June 24 (UPI) -- A Chicago man has been freed after spending 36 years in prison for the deaths of two police officers, after a judge ruled police tortured him to get a confession.
Jackie Wilson, 57, walked out of jail on Friday after Cook County Circuit Judge William Hooks threw out his conviction for the 1982 deaths of Chicago police officers Richard O'Brien and William Fahey. Hooks said police tortured Wilson to get the confession and prosecutors "utterly failed" to make a convincing argument to keep Wilson locked up as he awaits a new trial.
"[I'm] happy to be a member of society again after 36 years of incarceration for a crime I didn't commit," Wilson told reporters shortly after he was released. "It's been a rocky ride. I'd just like to move forward with my life barring any further complications and I'd like to make my contribution to society."
The judge ruled Wilson could go free on a $10,000 I-bond, which doesn't require a cash payment. Hooks ruled Wilson is neither a danger to the community or a flight risk.
Wilson was one of several young black people allegedly tortured by former Cmdr. Jon Burge and detectives under his command during the 1970s and 1980s at Chicago's South Side Police Station. The scandal has resulted in at least $115 million in settlement payouts and at least one false conviction.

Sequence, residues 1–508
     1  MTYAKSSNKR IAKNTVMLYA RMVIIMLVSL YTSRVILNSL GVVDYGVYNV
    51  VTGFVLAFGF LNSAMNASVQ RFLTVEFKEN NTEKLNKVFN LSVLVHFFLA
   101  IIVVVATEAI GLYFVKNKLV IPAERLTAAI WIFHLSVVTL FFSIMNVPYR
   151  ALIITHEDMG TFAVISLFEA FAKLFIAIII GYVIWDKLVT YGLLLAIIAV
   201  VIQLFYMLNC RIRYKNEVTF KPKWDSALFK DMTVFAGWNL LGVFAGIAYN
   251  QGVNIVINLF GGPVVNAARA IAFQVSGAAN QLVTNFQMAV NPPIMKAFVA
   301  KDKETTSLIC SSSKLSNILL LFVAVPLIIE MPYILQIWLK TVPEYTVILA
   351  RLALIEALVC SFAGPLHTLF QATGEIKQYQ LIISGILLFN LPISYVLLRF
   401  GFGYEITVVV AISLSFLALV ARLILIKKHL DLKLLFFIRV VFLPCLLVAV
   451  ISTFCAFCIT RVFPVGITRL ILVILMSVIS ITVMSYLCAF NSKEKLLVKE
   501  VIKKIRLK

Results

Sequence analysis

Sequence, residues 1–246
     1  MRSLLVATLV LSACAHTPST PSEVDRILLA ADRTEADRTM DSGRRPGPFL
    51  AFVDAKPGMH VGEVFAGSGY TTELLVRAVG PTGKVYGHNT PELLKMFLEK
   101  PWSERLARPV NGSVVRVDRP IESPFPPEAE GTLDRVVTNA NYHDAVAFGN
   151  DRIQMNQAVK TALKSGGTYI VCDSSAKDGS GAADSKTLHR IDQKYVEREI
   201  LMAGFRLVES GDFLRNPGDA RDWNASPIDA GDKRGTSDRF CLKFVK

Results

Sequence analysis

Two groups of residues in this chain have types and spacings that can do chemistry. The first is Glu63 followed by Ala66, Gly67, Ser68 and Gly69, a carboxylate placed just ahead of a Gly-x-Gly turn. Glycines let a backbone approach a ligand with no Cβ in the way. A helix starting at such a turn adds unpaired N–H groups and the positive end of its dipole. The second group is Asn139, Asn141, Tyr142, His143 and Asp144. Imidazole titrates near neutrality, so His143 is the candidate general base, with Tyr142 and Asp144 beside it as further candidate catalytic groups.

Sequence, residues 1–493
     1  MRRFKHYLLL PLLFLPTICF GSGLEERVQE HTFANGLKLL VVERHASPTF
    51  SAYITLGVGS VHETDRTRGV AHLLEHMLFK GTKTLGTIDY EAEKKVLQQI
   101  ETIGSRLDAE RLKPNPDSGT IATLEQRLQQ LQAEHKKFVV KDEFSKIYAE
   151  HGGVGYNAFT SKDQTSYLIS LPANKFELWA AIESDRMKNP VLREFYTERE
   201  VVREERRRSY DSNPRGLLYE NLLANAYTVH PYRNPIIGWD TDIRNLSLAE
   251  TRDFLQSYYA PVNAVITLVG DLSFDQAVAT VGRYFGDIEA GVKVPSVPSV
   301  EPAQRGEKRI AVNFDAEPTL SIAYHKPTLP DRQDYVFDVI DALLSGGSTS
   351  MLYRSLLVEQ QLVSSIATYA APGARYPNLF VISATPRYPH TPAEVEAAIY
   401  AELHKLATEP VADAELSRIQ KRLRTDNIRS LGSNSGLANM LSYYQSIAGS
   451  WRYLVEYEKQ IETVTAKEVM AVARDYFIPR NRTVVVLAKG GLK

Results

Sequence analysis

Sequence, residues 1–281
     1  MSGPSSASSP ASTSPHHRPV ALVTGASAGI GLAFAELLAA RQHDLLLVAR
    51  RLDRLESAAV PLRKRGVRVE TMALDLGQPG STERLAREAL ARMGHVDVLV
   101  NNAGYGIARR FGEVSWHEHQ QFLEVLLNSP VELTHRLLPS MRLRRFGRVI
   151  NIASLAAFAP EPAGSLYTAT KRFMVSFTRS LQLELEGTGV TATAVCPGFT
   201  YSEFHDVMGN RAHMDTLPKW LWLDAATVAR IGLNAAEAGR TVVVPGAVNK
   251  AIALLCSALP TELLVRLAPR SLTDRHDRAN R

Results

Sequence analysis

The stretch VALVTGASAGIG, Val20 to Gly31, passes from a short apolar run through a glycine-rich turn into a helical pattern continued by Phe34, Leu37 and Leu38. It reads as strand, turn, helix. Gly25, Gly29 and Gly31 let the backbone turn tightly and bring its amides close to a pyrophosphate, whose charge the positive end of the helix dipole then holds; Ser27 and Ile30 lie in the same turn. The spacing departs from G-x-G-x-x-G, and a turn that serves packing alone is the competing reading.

"Being a victim of one of a number of Jon Burge's brutalities," Wilson said with a sigh, according to the Chicago Tribune. "Oh Lord, it's just, it's been a rocky ride."
Both Wilson and prosecutors agree it was his now-dead brother, Andrew, who fired the shots that killed the two officers. Wilson said he didn't play an active role, but prosecutors say he drove the getaway vehicle.
Kevin Graham, president of the Chicago Fraternal Order of Police, blasted Hooks' ruling.
"I'm very disappointed that a man that is responsible, who was at the scene, that has admitted to being there when two honored police officers of the Chicago Police Department were murdered, gunned down, and he walks out," Graham said.
Special Prosecutor Michael O'Rourke said Burge's torture campaign shouldn't be a factor in Wilson's case.
"Jon Burge has no effect on the evidence to prove the actual criminal conduct, which is separate and apart from anything Burge-related," he said. "We have witnesses and we have testimony that's completely non-Burge-related that will set out this case and set it out in convincing fashion.
"We're disappointed but we are prepared -- and will be prepared -- to retry this case and we have every intention to do so."